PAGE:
In her first two years in Wash­ing­ton, Har­ris has seen one stand-alone piece of leg­is­la­tion be­come law: A bill to ex­pand the John Muir Na­tional His­toric Site in Martinez, Cal­i­for­nia.

She also suc­ceeded in adding sev­eral non­con­tro­ver­sial mea­sures into a 2018 fed­eral avi­a­tion bill to re­quire re­views of fed­eral dis­as­ter re­sponse and pro­vide re­lief for some dis­as­ter vic­tims. And Har­ris’ pro­posal to up­date the na­tional emer­gency alert sys­tem was in­cluded in a 2018 home­land se­cu­rity de­part­ment pol­icy bill.

Those mea­sures ad­dress is­sues Cal­i­for­nia has had to grap­ple with in re­cent years thanks to the calami­tous wild­fires that have burned through the state, but they hardly amount to a ma­jor pol­icy break­through.

Har­ris has also worked be­hind the scenes to bro­ker pol­icy com­pro­mises that are par­tic­u­larly rel­e­vant to Cal­i­for­nia. In 2017, she served as the point per­son for a hand­ful of Democrats and some of the coun­try’s most pow­er­ful tech com­pa­nies, in­clud­ing Google and Face­book, ne­go­ti­at­ing on a bi­par­ti­san hu­man traf­fick­ing bill tar­get­ing Back­page.com.

Cal­i­for­nia-based tech com­pa­nies, in­clud­ing Google and Face­book, wor­ried the bill could un­der­mine in­ter­net free­dom.

But some anti-traf­fick­ing ac­tivists were con­cerned she wasn’t a more force­ful sup­porter of the bill, af­ter go­ing af­ter Back­page.com as at­tor­ney gen­eral. “She’s con­spic­u­ously ab­sent from be­ing a spon­sor” of the bi­par­ti­san leg­is­la­tion, known as the Stop En­abling Sex Traf­fick­ers Act, vice pres­i­dent of the Na­tional Cen­ter on Sex­ual Ex­ploita­tion Lisa Thomp­son noted at the time. “That raises eye­brows.”

Ul­ti­mately, the ne­go­ti­a­tions led to a tweak in the lan­guage that both sides ac­cepted. The pres­i­dent signed leg­is­la­tion in April 2018, and it promptly drew a le­gal chal­lenge.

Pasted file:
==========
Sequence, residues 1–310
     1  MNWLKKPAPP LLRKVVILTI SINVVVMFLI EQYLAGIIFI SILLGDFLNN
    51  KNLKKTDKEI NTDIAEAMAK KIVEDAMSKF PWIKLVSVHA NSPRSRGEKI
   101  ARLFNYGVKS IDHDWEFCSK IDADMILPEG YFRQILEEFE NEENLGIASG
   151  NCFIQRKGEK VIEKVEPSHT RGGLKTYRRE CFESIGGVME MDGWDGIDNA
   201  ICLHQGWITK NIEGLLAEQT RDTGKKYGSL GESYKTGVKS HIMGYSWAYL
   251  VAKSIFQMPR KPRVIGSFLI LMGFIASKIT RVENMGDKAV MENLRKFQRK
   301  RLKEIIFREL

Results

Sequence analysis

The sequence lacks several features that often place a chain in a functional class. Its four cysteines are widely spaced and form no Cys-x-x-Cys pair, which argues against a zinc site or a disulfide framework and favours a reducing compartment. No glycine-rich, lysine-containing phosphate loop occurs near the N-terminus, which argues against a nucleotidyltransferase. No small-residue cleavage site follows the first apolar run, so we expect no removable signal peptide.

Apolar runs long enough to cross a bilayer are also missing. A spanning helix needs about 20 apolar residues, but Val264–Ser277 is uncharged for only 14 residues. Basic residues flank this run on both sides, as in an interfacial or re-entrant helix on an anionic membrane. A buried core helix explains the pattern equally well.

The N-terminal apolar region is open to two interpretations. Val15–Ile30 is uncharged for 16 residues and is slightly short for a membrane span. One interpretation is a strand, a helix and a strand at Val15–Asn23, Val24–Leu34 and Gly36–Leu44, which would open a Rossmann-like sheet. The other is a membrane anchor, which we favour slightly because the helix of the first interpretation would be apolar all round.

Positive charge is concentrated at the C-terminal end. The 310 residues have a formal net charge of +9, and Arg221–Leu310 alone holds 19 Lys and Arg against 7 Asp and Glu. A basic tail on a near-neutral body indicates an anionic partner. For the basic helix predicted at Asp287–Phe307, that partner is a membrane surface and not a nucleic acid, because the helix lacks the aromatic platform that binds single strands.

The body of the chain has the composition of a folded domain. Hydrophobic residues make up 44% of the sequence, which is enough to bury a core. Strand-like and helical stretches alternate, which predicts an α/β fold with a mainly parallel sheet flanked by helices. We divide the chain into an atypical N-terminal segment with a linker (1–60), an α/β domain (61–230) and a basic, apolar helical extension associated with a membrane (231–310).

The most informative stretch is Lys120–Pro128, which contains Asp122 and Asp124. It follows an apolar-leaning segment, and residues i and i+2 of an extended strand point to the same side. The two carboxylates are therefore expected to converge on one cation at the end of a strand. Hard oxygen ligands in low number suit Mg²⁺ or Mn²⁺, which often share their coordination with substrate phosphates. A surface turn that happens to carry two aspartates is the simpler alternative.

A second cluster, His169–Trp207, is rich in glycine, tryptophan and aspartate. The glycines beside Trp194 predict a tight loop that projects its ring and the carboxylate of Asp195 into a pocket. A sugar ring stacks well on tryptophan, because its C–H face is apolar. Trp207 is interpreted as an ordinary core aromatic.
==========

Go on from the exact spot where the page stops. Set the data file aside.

On many is­sues, how­ever, Har­ris has not been at the ne­go­ti­at­ing table, opt­ing in­stead to work from the out­side. As Demo­cratic Rep. Ro Khanna of Fre­mont ob­served, there is a po­lit­i­cal ben­e­fit in that. For Har­ris, “It’s al­most an ad­van­tage to not be as­so­ci­ated with be­ing part of the grid­lock” in Wash­ing­ton, Khanna pointed out.

Har­ris has been par­tic­u­larly vo­cal on im­mi­gra­tion, draw­ing praise from ad­vo­cates of un­doc­u­mented im­mi­grants.

Kerri Tal­bot, pol­icy di­rec­tor for D.C. Im­mi­gra­tion Hub, an um­brella or­ga­ni­za­tion help­ing co­or­di­nate pro-im­mi­gra­tion ac­tivists, told The Bee last year that Har­ris has earned a rep­u­ta­tion as “the cham­pion for this on the left.”

As Har­ris pointed out then, Cal­i­for­nia is home to the na­tion’s largest num­ber of DACA re­cip­i­ents or “Dream­ers” — un­doc­u­mented im­mi­grants brought to the coun­try as chil­dren who were granted le­gal sta­tus by the Obama ad­min­is­tra­tion. Pres­i­dent Trump has tried to end the pro­gram.

“They must be seen and heard, and I feel a very strong sense of re­spon­si­bil­ity to use ev­ery com­po­nent of power that I have ... to ed­u­cate the pub­lic to make sure they are seen and not vil­i­fied,” she told The Bee.

Har­ris’ cru­sad­ing style, in hear­ing rooms and at protests, has drawn ac­cu­sa­tions from Re­pub­li­cans of grand­stand­ing.

But in Cal­i­for­nia, the epi­cen­ter of the so-called ‘re­sis­tance’ to Pres­i­dent Trump, that ap­proach plays well with many vot­ers and ad­vo­cacy groups.

Steve Smith, spokesman for the Cal­i­for­nia La­bor Fed­er­a­tion, one of the state’s most in­flu­en­tial unions, said Har­ris has been “ac­tive on the things we care about,” ad­vo­cat­ing for poli­cies like a $15 min­i­mum wage and uni­ver­sal health­care.

While those pro­pos­als don’t have a prayer of be­com­ing law un­der Pres­i­dent Trump, Cal­i­for­ni­ans “re­ally ap­pre­ci­ate that as a ju­nior sen­a­tor she has re­ally stepped up and be­come one of the (ad­min­is­tra­tion’s) vo­cal crit­ics,” Smith said.


Sen. Ka­mala Har­ris’ high-pro­file con­fronta­tions with the Trump ad­min­is­tra­tion may win her more sup­port from Cal­i­for­ni­ans than any Se­nate pol­icy achieve­ment.